A group of researchers from mit and the broad Institute of MIT and Harvard, is now visible in unprecedented detail TIN, showing that the region contains two different subnets of neurons with different functions. The obtained results have more to offer researchers specific targets for drug development that could facilitate some of the senses, sleep and attention symptoms of autism, says Guoping Feng, one of the leaders of the research team.

The idea is that you can very specifically one group of neurons without affecting the whole brain, and other cognitive functions”.

Guoping Feng, the James and Patricia Poitras Professor of neuroscience at MIT and a member of the Institute of mit McGovern Institute for brain research

Feng; SMA-Fu, Deputy Director of neurobiology in the center of the broad Institute of psychiatric research, Stanley; and Joshua Levin, senior group leader at broad Institute, senior author of the study, which appears today in Nature. Leading the report’s authors, former post-doctoral research fellowship at MIT, Yinqing Li, a former postdoc of the broad Institute Violeta Lopez-Huerta, and a wide researcher of the Institute of Xian Adiconis.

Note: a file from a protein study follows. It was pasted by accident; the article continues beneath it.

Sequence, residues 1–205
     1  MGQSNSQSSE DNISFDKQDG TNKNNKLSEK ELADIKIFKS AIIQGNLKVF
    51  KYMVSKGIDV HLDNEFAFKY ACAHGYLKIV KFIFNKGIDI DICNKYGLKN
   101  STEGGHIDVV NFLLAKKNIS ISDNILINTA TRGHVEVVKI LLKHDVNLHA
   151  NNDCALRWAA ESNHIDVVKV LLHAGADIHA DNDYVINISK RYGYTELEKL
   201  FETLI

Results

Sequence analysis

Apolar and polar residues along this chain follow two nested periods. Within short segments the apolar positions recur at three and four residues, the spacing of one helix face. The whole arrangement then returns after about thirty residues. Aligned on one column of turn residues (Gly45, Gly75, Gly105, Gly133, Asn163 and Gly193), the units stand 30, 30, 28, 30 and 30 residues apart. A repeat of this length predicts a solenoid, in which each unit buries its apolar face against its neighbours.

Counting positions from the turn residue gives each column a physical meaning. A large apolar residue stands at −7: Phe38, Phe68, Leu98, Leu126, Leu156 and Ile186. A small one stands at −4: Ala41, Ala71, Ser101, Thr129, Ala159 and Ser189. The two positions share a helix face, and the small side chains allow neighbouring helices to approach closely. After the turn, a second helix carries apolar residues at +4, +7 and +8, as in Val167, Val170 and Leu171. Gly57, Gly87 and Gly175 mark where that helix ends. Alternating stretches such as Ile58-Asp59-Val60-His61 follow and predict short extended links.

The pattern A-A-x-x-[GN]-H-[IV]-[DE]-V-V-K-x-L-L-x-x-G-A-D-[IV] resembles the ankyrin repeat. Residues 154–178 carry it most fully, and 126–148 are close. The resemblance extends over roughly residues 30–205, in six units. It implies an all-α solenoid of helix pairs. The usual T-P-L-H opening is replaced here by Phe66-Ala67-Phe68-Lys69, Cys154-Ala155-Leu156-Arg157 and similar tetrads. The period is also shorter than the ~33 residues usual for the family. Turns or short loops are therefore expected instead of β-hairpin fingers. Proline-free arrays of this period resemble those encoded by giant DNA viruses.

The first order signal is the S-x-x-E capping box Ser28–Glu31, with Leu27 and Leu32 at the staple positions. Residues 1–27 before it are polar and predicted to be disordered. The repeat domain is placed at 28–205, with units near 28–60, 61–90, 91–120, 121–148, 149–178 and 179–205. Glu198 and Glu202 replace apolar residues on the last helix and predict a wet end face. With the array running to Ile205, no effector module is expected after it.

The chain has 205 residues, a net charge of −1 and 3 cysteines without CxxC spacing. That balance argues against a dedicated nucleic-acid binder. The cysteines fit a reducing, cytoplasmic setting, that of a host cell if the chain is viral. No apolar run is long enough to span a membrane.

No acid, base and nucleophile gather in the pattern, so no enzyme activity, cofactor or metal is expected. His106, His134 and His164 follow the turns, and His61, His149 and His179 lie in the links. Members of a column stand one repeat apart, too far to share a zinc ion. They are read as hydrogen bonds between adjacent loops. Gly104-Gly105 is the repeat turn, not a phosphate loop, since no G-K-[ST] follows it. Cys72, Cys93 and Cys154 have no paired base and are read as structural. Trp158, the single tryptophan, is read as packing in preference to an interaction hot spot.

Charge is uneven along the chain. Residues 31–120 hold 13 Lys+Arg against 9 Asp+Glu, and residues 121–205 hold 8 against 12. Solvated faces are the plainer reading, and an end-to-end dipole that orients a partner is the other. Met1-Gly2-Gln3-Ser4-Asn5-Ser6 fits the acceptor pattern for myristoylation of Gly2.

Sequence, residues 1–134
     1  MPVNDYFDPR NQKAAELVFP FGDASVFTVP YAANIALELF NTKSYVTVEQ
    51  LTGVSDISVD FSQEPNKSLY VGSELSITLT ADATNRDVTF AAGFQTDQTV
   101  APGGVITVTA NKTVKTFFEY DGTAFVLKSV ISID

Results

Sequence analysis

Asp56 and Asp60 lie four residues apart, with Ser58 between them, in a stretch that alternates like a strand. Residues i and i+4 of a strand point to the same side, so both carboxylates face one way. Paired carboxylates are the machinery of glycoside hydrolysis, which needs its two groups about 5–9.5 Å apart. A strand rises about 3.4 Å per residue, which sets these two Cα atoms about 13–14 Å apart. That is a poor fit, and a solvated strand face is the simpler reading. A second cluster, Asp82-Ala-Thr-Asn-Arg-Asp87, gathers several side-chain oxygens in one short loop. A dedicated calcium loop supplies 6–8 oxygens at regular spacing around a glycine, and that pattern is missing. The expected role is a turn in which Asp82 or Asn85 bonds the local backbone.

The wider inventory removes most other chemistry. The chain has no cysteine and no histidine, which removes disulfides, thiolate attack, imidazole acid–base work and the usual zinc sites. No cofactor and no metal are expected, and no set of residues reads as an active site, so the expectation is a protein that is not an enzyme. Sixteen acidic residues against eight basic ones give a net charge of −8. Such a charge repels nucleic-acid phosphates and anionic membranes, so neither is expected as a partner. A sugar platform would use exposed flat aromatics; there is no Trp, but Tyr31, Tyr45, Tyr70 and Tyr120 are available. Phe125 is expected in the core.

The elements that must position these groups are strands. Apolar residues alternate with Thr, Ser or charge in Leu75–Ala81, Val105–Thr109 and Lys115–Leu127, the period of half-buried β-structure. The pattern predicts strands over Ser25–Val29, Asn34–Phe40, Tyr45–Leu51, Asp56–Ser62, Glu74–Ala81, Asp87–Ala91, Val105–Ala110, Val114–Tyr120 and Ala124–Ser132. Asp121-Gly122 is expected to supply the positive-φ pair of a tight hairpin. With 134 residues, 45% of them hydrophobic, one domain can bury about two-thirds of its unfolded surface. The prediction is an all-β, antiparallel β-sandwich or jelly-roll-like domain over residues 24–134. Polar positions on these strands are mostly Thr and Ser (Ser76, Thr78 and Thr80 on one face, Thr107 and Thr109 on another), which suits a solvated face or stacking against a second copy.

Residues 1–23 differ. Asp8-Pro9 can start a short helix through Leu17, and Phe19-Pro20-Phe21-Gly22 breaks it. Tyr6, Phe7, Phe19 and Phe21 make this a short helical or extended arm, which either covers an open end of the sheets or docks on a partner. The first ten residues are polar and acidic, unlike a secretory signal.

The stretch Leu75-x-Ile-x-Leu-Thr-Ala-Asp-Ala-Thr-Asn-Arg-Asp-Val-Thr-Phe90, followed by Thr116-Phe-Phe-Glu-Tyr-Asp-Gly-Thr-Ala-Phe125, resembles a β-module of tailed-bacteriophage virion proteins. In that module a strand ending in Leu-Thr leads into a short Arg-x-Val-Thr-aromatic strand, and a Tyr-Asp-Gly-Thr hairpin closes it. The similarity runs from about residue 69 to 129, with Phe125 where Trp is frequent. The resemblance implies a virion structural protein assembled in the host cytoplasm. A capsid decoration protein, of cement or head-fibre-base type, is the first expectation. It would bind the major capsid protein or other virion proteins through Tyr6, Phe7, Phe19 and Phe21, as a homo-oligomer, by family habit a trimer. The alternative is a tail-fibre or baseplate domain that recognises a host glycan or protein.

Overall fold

Some populations

When you receive sensory information from the eyes, ears and other sensory organs to our brain, it goes first to the thalamus, which then relays it to the cortex for higher level processing. The disadvantages of these thalamo-cortical circuit may lead to attention deficit, hypersensitivity to noise and other stimuli, and sleep problems.